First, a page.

The elevator doors open, and the second part of my trip into the city begins. As I enter the central corridor of the Long Island RailRoad, I turn right, and my cane hits the first person sitting on the floor. I apologize because I hit a person with my cane and not a thing. The homeless person grumbles or says, “It's okay," or uses some obscenity. It is at this time that a discussion starts in my head: Why are they in my way when they can see better than I! At that moment, lost in thought, I walk past my left turn, and a homeless person who knows my route says, “You missed your turn." I mumble a thank you, and the discussion in my mind becomes a fair and balanced argument. Are the homeless friend or foe?
I’m well aware of the housing situation in NEW York City because I have been looking for an apartment for years. There are people who can’t afford the outrageous rents haunting this great city, so they are forced to shelter in such homie places as Penn Station. And If I was homeless, I would be there, too. Think about it. It is warm in the winter and air-conditioned in the summer. There is access to at least three public bathrooms. There is an abundant source of income. Almost three million people travel through Penn Station every day. If every fourth person gives you a quarter, you would have at least $750,000. There are at least fifty restaurants in Penn Station. The Village Voice rated some of the cheapest and best restaurants there in the article, “Penn Station Eats” on Feb. 25, 2011. The article focused on handheld foods, the primary food of the indigent. So, to be clear, I understand why they chose this location for their home.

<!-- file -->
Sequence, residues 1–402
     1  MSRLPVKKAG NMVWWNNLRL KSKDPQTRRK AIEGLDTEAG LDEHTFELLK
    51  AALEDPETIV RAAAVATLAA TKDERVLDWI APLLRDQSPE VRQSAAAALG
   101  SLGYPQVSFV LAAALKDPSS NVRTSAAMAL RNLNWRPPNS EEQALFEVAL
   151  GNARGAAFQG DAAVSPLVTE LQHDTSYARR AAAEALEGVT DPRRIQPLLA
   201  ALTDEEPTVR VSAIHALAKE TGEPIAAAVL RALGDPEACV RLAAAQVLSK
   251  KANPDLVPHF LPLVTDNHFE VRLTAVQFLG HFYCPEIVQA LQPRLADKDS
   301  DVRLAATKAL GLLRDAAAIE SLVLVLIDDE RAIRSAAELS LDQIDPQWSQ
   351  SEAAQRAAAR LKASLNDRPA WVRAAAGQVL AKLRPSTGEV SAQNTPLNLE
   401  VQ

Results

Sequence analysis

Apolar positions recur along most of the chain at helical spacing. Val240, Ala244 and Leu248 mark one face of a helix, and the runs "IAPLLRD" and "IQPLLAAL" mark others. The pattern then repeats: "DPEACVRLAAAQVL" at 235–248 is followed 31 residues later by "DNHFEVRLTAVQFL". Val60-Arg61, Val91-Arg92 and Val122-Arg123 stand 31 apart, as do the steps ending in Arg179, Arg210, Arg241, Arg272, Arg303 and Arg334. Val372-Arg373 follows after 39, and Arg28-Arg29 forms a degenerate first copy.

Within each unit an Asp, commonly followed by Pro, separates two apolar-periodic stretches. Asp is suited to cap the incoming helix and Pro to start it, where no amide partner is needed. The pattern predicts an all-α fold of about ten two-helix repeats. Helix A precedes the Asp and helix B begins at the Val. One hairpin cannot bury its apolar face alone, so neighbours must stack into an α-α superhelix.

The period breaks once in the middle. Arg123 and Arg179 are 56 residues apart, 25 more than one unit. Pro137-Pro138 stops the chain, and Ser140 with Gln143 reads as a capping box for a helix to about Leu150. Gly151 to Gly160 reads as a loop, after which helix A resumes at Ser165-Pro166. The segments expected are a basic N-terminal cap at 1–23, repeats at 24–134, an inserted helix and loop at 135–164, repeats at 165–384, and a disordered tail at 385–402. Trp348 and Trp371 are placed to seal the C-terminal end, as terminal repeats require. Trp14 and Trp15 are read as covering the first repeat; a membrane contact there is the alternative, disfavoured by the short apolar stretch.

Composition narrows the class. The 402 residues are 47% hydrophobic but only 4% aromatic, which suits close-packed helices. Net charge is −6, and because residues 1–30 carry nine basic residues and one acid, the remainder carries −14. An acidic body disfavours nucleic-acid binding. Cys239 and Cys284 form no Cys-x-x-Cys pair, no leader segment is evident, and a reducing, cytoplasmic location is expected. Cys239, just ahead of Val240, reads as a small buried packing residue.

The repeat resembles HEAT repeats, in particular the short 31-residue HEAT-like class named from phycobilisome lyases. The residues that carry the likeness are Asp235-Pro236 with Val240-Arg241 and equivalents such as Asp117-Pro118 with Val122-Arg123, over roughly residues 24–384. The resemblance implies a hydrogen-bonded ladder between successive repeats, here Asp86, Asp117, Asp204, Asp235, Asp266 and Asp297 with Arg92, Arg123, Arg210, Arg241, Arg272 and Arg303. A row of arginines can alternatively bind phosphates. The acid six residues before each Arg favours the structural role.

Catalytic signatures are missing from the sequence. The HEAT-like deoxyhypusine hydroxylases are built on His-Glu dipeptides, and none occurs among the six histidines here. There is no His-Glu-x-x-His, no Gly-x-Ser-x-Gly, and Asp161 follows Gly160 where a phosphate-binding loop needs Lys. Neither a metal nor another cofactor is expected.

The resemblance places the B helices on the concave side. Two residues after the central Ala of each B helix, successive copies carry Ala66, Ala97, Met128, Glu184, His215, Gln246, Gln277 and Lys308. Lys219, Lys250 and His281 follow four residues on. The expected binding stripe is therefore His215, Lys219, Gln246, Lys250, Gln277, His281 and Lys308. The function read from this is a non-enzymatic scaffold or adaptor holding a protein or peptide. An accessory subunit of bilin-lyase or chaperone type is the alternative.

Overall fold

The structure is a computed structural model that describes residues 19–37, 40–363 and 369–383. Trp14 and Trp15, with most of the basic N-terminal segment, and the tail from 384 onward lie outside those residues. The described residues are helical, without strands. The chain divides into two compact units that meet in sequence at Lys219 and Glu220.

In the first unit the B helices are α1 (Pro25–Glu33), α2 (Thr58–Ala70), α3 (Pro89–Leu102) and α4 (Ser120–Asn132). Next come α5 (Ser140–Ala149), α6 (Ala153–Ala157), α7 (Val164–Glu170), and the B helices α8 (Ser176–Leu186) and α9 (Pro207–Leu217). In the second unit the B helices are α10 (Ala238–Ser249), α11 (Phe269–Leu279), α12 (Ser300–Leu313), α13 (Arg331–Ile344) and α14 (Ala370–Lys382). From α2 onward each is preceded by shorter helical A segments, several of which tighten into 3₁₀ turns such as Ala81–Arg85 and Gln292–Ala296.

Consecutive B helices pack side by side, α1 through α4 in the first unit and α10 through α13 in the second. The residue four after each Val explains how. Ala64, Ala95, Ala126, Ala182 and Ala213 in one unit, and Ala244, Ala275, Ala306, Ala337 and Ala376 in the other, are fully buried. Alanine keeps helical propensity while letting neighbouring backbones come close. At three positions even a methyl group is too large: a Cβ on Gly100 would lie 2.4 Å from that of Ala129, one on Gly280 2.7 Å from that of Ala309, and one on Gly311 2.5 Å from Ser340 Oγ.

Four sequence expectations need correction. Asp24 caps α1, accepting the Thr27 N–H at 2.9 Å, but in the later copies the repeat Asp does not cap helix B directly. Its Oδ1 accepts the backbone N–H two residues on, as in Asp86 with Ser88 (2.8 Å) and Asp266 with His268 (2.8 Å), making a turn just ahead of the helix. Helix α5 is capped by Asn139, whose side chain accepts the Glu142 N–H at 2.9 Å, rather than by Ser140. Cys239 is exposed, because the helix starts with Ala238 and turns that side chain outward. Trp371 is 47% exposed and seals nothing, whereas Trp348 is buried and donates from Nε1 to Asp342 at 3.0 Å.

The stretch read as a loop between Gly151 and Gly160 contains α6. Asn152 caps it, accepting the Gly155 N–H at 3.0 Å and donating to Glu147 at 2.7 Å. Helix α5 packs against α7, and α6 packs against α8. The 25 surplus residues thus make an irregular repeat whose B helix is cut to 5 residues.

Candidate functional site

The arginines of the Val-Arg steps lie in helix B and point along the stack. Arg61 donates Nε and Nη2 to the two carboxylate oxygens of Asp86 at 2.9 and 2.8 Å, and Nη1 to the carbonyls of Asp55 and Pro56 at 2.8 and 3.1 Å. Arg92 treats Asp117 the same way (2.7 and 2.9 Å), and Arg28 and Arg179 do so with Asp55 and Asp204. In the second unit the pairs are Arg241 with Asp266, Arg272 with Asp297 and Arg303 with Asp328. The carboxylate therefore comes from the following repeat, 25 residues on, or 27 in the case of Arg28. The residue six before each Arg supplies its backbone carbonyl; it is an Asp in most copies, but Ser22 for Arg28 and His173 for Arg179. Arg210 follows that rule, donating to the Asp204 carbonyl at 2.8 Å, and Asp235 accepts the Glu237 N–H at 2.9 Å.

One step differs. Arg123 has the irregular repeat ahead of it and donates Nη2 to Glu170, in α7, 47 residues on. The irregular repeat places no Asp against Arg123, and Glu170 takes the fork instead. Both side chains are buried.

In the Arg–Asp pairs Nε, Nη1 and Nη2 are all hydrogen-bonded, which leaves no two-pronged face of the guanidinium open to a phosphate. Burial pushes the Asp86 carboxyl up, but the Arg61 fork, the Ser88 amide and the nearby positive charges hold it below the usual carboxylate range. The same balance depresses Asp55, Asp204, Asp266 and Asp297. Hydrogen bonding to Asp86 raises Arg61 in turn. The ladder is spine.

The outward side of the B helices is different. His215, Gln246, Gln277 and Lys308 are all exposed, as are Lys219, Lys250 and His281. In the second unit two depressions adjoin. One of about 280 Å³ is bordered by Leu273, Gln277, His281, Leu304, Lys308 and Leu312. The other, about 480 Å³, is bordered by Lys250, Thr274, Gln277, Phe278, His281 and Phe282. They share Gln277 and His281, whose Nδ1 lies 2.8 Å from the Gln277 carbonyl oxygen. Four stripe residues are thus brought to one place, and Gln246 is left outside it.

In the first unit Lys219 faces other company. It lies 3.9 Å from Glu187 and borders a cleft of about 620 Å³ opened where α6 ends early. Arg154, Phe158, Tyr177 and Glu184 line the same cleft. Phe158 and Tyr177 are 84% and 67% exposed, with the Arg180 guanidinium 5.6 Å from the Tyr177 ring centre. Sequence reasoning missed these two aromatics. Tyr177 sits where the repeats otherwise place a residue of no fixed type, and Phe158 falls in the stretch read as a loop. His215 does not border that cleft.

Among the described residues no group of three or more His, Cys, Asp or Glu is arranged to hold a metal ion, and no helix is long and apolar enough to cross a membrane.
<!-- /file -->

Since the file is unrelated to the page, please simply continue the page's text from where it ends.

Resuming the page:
As a cane user, any obstacle is an issue, be it a person or a garbage can. The day-to-day struggle to get from one place to another is frustrating. When dealing with the homeless, one must always be on guard. They can be in a drugged state or drunk or just angry - or downright pleasant. Many individuals without shelter have provided me with assistance time after time. One person even pulled me out of the street after a wrong turn and lack of concentration on my part. I was extremely grateful. These people of the street are watching our backs. An angel of the street helped me to use one of those inaccessible MTA machines when there was no one in the booth. One gentleman says hello, and "I got you, my brother," every day. He also keeps me abreast of the ever-changing construction on my line. I look forward to the fife player who guides me to the Hilton passageway that leads me to my train in the evening.
How do I feel about the homeless people in Penn Station? I don’t know. I have one opinion when the elevator doors open in the central corridor and another when I reach my destination. I do know one thing for sure: Tomorrow the discussion in my head will start again.